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Human rights organizations and online agenda setting

Niina Meriläinen (Department of Communication, University of Jyväskylä, Jyväskylä, Finland)
Marita Vos (Department of Communication, University of Jyväskylä, Jyväskylä, Finland)

Corporate Communications: An International Journal

ISSN: 1356-3289

Article publication date: 11 October 2011




The purpose of this paper is to better understand agenda setting by international human rights organizations in the online environment and at the same time contribute to agenda‐setting theory. The role of non‐governmental organizations (NGOs) in the area of human rights is clarified, and agenda setting and related concepts are discussed.


The study focuses on how attention is drawn to human rights issues in online communication by Human Rights Watch (HRW) and Amnesty International. A content analysis of online forums of HRW and Amnesty International was conducted by monitoring their web sites and Facebook and Twitter pages over a period of three months. In addition, two expert interviews with representatives of Amnesty Finland were conducted to better understand how the organization's online communication activities relate to its policies in drawing attention to human rights.


Based on this study, drawing attention to human rights issues is a goal that leads to active online communication. NGOs aim at attracting attention to their issues online by initiating a dialogue via online forums and motivating the public to participate in activities that may influence the media and the political agenda. The existing agenda‐setting research tends to emphasize the role of journalists in setting the public agenda, and mentions NGOs primarily as a source for journalists and as a political player. The online environment shows, however, that these NGOs mostly aim at setting the public agenda to create social change, while the media and political agenda are also not forgotten.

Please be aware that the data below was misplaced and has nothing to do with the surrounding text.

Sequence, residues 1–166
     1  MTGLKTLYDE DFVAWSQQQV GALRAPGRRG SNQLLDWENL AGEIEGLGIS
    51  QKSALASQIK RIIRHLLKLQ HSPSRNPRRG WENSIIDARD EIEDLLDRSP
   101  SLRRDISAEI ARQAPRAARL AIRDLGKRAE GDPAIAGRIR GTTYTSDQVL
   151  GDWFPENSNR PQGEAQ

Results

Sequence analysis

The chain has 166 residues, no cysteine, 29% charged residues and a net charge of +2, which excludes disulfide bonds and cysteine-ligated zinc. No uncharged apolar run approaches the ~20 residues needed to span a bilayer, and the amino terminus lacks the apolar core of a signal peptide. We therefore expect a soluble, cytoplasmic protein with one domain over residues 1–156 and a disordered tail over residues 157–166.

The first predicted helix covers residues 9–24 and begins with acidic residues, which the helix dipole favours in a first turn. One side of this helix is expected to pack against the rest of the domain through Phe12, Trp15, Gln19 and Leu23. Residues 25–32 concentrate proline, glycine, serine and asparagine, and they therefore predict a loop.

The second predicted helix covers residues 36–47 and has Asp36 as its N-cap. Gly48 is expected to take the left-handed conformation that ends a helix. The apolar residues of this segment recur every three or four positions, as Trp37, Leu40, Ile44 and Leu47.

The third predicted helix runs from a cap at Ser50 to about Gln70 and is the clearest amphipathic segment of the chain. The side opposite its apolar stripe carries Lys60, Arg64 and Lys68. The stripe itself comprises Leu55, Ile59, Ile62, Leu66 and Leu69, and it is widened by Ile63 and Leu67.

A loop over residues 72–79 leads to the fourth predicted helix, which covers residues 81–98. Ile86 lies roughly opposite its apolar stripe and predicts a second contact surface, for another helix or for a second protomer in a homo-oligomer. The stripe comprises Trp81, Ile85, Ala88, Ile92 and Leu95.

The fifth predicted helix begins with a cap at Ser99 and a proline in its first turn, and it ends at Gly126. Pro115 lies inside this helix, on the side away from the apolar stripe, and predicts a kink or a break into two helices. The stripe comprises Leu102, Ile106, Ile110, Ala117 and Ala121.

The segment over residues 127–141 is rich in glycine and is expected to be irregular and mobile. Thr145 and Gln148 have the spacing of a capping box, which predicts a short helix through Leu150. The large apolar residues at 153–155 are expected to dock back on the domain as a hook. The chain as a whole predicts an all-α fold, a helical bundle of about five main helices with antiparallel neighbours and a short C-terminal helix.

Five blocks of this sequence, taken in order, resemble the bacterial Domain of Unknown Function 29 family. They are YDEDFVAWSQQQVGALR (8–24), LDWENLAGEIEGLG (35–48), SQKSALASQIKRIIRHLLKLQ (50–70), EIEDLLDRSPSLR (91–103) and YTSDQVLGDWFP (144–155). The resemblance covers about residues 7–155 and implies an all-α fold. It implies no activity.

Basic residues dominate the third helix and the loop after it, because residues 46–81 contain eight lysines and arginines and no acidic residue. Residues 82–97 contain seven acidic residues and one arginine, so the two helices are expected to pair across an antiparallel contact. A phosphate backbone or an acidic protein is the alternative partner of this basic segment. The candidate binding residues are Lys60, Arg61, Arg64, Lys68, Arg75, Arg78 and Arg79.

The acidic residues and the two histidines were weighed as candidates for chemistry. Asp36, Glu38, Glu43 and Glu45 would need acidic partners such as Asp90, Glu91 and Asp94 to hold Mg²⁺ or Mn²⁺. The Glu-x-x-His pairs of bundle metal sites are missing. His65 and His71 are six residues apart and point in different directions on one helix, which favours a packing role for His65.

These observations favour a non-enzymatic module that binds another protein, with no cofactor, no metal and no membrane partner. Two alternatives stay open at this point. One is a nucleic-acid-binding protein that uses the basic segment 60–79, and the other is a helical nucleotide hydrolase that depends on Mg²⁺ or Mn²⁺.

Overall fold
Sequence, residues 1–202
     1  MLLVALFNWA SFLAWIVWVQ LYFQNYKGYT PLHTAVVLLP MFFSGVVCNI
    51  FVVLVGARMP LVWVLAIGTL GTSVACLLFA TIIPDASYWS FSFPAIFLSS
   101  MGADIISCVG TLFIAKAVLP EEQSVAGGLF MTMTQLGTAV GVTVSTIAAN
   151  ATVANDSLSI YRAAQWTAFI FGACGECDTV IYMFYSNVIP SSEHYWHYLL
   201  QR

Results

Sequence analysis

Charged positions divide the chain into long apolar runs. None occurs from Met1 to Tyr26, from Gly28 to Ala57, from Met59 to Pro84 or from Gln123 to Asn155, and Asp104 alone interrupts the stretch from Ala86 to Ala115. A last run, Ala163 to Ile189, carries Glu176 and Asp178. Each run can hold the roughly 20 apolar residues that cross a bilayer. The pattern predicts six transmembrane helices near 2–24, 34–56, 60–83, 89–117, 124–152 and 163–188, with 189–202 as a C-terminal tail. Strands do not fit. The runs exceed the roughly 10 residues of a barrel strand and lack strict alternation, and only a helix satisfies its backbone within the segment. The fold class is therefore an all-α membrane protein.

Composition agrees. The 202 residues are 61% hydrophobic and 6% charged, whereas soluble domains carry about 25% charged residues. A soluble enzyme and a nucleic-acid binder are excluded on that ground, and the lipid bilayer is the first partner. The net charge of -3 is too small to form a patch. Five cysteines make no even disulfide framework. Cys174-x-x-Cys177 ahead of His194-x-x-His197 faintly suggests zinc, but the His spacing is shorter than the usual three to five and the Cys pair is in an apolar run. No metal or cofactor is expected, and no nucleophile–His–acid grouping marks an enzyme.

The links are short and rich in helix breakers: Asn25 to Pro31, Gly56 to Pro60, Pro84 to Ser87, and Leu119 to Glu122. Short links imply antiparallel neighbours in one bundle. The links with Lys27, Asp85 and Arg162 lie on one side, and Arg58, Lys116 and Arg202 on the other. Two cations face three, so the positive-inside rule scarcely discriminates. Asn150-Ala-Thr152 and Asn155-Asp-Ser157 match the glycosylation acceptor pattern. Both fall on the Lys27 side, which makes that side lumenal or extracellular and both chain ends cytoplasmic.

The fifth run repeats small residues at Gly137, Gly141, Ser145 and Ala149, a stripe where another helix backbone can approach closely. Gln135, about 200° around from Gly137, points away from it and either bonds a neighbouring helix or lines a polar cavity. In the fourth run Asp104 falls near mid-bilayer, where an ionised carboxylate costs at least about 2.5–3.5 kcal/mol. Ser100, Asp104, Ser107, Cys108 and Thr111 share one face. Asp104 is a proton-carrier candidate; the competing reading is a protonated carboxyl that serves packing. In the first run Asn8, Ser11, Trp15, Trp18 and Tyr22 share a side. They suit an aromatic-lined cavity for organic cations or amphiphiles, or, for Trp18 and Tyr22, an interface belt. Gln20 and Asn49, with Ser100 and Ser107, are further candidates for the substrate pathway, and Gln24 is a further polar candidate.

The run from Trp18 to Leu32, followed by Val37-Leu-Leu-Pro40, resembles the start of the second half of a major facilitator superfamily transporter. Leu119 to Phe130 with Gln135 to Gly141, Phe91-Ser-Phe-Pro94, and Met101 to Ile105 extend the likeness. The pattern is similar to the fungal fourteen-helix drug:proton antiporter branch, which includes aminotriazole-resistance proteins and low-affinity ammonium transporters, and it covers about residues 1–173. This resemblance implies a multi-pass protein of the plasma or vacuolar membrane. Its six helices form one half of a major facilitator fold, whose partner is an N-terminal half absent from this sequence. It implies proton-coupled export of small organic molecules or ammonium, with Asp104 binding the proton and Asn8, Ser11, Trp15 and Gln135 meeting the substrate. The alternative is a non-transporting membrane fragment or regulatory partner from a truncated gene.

Research limitations/implications

This study suggests that the interdependence of the media, public and political agendas is more complex than has thus far been considered in agenda‐setting theory, especially in the current online environment. It investigates online agenda setting by two international NGOs, but does not discuss the role of the media or the public at large in their relationship with these NGOs. As this study has a limited time frame, a content analysis over a longer period and interviews with representatives of a wider variety of NGOs could be a next step. Future research could also compare the online communication of NGOs with that of profit organisations.

Practical implications

The findings show how agenda setting is supported by intricate multi‐platform activities in the present‐day online environment by the organizations studied in order to initiate a dialogue on societal issues. This suggests that in the online environment, the media, public and political agendas are becoming increasingly interrelated and within this triangle the public agenda seems to be gaining further in importance.


The impact that NGOs have on today's society is growing, and hence studying their online agenda setting is valuable from the perspective of corporate communication. International NGOs early on recognised the value of online communication.



Meriläinen, N. and Vos, M. (2011), "Human rights organizations and online agenda setting", Corporate Communications: An International Journal, Vol. 16 No. 4, pp. 293-310.



Emerald Group Publishing Limited

Copyright © 2011, Emerald Group Publishing Limited

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